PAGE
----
Creativity, Activity, and Service (CAS)

Along with TOK and the extended essay, CAS forms the core of the IB experience and is required of all diploma candidates worldwide. The ultimate goal of CAS is to encourage personal growth outside the classroom through engaging in and reflecting upon meaningful experiences.

CAS is organized around the three strands of creativity, activity and service defined as follows.

  1. Creativity—exploring and extending ideas leading to an original or interpretive product or performance
  2. Activity—physical exertion contributing to a healthy lifestyle
  3. Service—collaborative and reciprocal engagement with the community in response to an authentic need

CAS enables students to demonstrate attributes of the IB learner profile in real and practical ways, to grow as unique individuals and to recognize their role in relation to others. Students develop skills, attitudes and dispositions through a variety of individual and group experiences that provide students with opportunities to explore their interests and express their passions, personalities and perspectives. CAS complements a challenging academic program in a holistic way, providing opportunities for self-determination, collaboration, accomplishment and enjoyment.

Successful completion of CAS is a requirement for IB diploma candidates. The CAS program formally begins at the start of the Diploma Program and continues regularly, ideally on a weekly basis, for at least 18 months with a reasonable balance between creativity, activity, and service. All CAS students are expected to maintain and complete a CAS portfolio (through the managebac website) as evidence of their completion of CAS experiences, at least one major CAS project, and at least three formal interviews with their CAS coordinator.  This portfolio should show thoughtful completion of CAS experiences, engage will all three strands of CAS (creativity, activity, and service), and meet the seven CAS learning outcomes (listed below). 

CAS learner outcomes:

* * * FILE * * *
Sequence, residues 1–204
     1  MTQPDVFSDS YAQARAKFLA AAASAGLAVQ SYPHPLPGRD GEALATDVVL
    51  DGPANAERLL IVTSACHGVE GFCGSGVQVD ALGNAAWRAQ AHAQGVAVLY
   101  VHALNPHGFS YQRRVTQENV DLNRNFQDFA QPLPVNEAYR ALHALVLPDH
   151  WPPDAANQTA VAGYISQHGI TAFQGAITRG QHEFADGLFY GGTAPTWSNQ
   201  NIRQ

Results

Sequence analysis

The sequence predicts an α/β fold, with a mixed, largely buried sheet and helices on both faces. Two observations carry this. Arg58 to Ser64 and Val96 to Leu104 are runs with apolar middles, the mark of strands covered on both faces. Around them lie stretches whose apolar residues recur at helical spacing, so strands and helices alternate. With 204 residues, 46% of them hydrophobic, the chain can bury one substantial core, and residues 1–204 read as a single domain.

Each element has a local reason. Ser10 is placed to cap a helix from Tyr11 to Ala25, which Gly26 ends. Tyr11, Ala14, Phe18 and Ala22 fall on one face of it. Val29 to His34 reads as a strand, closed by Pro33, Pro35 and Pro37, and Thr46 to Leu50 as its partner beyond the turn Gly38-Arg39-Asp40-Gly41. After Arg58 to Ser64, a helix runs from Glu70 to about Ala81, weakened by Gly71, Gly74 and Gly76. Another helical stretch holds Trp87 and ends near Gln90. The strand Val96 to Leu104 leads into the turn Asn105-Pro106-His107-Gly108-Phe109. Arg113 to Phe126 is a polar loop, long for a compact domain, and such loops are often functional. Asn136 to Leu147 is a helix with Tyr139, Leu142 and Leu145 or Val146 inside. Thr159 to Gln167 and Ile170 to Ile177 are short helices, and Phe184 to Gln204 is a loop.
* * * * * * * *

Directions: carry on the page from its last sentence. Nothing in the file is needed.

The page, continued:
1. Identify own strengths and develop areas for growth
  2. Demonstrate that challenges have been undertaken, developing new skills in the process
  3. Demonstrate how to initiate and plan a CAS experience
  4. Show commitment to and perseverance in CAS experiences
  5. Demonstrate the skills and recognize the benefits of working collaboratively
  6. Demonstrate engagement with issues of global significance
  7. Recognize and consider the ethics of choices and actions

For more details on the CAS program, contact Kinga Zay or Lee-Anne Black, Co-CAS coordinators.
Extended Essay

The extended essay is an in-depth study of a topic that culminates in a major research paper. Students choose their research topic from a wide variety of disciplines and are paired with a faculty mentor for guidance throughout the research and writing processes. A draft of the extended essay is completed during the junior year and then finalized during the senior year as part of the IB diploma requirements.  Essays that score well can add "bonus points" towards the IB diploma.

The extended essay represents a core philosophy of IB education- the balance between high academic standards and student engagement.  While the project is extensive, it is owned by the students since they select their own topics and faculty mentors.  Below is a list of recent extended essay titles:

"How does Jane Austen illustrate her thoughts on the ideal relationship between a man and a woman in her novel, Pride and Prejudice?"

"To what extent did the Cold War have its roots in the Grand Alliance of World War II?"

"In what ways did Friedrich Nietzsche’s philosophy influence the artists of Die Brucke?"

"How does gender affect the consolidation of memory during sleep in sixteen year-olds?"

For more info on the extended essay, contact Tim Waples, Extended Essay Coordinator.


Theory of Knowledge (TOK)

Theory of Knowledge (TOK) is a required course for all diploma candidates and often one of their favorites.  TOK is a course about critical thinking and inquiring into the process of knowing, rather than about learning a specific body of knowledge.  The task of TOK is to emphasize connections between areas of knowledge and link them to the knower in such a way that the knower can become aware of his or her own perspectives and those of the various groups whose knowledge he or she shares. TOK, therefore, explores both the personal and shared aspects of knowledge and investigates the relationships between them.

Core TOK questions include:

  • What do I know?
  • How do I know it?
  • What happens when different people know different things? 

In TOK, we use knowledge questions (e.g., how do we judge what is the best model of X?) and the knowledge framework to study shared and personal knowledge, ways of knowing (e.g., emotion or sense perception), and areas of knowledge (e.g., the natural sciences). Other IB classes will often connect to TOK, as the TOK approach to knowledge is key to an IB education.

For more info on TOK, contact Tim Waples, TOK instructor.